Cameron hardly shows up at the office. Too bad for him because he has some hard working employees who are extremely smart and could run the company beautifully by themselves. While the others are doing who knows what but are in the power positions. One day he calls and asks me to meet him in a parking lot about five miles from the office, so he can give me his office key and have me use his computer to respond to his e-mails.

So, now the gals know that I, the temp, the temp of one week, make that the white girl temp of one week has the boss’s keys and they have to ask me to get in his office. I feel a beatdown coming on. Bacardi comes stomping down the stairs, she always sounds like a herd of bison when descending those steps but now it’s more of an earthquake. She bodyslams my desk, nostrils flaring, breathing heavy.

“Just what do you know about office work? Huh? Just how long have you been a temp? What makes you think you know what you doing, huh? WHAT? And what makes Cameron think you da shit?”

“Look, Bacardi, I’m obviously no kid and I’ve worked many years. Cameron likes that I have a background in public relations plus a BA in Journalism. Anything else you want to know you’ll have to ask him. I’m here to work, not take anyone else’s job.”

Two weeks later I’m finally getting in the groove of what the boss wants from me. I’m setting up meetings for him with potential clients, and mending relationships with former clients. I’ve also researched businesses and provided opportunities for new contracts (with some guilt) and have begun to give his company a presence in social media.

I did have occasion to tell Cameron the ‘meet him for his keys’ thing was not a good idea. He laughed, very pleased with himself, and said he knew what would happen. But he did it just to “shake them up and keep them on their toes.”  Nice guy.

Then Cameron asks me to quit the temp agency and work directly for him. That is a breach of contract with the agency for sure. By now I’ve also learned that Lara has to come to his office every week for payment in advance because his credit is, well he has no credit. Cameron says for the temp agency to demand payment up front for my services is an insult to his intelligence. I decline because of the legality issue, and besides, I like this temp agency and I especially like Lara.

The next day Cameron asks me several times if I am close to Lara, how often we talk, or if we get together socially. I know why when I learn he has called her to say he’s discontinued my contract. The next day he says I’m on his payroll under a different company name so it’s all legit. Just great, Cameron, thanks. I go to lunch and find that while I was out Ryan, the barely post-pubescent branch manager of them temp agency, came in person to get the scoop. When I get back I’m told to park my car behind the building in case Ryan returns.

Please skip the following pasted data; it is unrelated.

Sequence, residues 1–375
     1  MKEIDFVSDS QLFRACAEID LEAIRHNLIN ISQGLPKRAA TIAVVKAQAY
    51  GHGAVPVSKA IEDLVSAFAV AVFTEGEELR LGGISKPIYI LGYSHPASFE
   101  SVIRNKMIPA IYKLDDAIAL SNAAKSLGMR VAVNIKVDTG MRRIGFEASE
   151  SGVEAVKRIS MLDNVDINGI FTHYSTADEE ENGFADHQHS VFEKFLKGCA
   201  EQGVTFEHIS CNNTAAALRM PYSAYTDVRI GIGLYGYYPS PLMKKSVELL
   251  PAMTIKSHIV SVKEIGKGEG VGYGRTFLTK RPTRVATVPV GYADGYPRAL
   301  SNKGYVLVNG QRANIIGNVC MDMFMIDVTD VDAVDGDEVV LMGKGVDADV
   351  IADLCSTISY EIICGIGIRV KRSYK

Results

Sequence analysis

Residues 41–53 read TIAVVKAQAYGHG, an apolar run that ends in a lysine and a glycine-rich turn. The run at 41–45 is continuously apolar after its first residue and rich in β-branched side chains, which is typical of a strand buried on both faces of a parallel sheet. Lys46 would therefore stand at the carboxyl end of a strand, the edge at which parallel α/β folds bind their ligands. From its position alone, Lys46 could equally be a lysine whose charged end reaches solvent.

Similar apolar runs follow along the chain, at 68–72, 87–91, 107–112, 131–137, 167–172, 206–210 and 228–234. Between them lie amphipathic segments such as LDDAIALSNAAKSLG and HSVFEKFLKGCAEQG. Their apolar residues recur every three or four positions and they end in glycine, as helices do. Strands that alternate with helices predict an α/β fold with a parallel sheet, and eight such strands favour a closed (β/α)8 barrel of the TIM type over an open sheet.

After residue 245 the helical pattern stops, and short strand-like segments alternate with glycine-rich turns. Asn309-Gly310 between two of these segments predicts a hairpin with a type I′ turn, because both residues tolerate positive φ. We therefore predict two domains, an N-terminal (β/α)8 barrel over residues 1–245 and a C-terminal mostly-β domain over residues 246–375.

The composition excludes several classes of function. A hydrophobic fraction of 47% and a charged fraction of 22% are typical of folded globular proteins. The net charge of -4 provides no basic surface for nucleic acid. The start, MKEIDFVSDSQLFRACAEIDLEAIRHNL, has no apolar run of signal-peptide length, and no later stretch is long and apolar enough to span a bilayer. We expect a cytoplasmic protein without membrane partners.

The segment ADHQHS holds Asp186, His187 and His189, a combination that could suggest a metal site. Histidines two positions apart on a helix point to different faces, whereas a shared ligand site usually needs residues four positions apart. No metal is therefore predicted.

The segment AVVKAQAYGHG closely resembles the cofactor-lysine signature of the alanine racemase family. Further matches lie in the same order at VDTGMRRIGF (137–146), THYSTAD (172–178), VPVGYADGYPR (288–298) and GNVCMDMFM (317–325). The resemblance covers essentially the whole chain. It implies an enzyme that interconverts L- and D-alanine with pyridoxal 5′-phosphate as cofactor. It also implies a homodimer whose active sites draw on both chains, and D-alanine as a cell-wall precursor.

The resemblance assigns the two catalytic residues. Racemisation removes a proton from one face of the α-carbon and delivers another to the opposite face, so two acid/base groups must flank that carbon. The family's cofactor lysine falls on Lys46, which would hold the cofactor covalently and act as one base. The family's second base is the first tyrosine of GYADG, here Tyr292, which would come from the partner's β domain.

Cameron leaves, that three hour workday must be hell, so I begin taking my things to my car in small bits. Then I offer to take out everyone’s trash. Hey, I’ve done a good deed and I can hide my keys behind the bag. The trash is flung into the waste container, and I am in my car and gone.


sleepjunky said...

Wow. Just wow...!!!

Collin Kelley said...

Holy crapola! That was hilarious and sad, JP. There's a book in all these crazy temp tales.

Petula said...

Wow, that's some serious drama and roller coaster riding. How did you even survive? ...

You tell a good story though! :-)

Petula said...

Hi! Amber's last name is Lloyd! Thanks. :-)

John Hedtke said...

I had a job at a software company a little over 20 years ago (they're now long out of business) that used to do things like that. A Net-30 was automatically a Net-90 on all their bills and they were hell to get money out of for anything. One of the things I remembered was that you accrued vacation during the year for the next year, so if you quit, you'd lose out. I'm not entirely sure it was legal, but it was certainly cheesy.

Helen Ginger said...

This is totally whack-o. I'm so glad you got out!

Helen Ginger said...

Came back to tell you I've decided to steal the name Bootylicious. It's my new nickname.

One Hot Mama said...

Great story!! I have worked many temp jobs and it's really interesting to see how things work in different companies. There are a lot of wackos out there!!

Donna said...

Loved this. Love true stories. Other than the book reviews, all the stories on my blog are true - it's my life. I am a new follower. Thanks for visiting my blog. Donna

Jack Scott said...

Makes 'The Office' sound like Microsoft. What a delicious tale. I'm surprised you lasted more than a day but then I might have stuck at it just for the comedy!

Jennifer Perry said...

Ginger, Can't help but think "Bootylicious" now everytime I read your blog!
John, would love to hear about it. And to Jack and everyone, yes, I can't help but see the humor value in these situations, as though that part, even more than the money, were gifts from heaven! Couldn't make it up. I've got plenty more that I'll continue to share for your entertainment! Thanks to all for reading.

Medical Supply Blog said...

Good to see the post here.

Rhen Nicey said...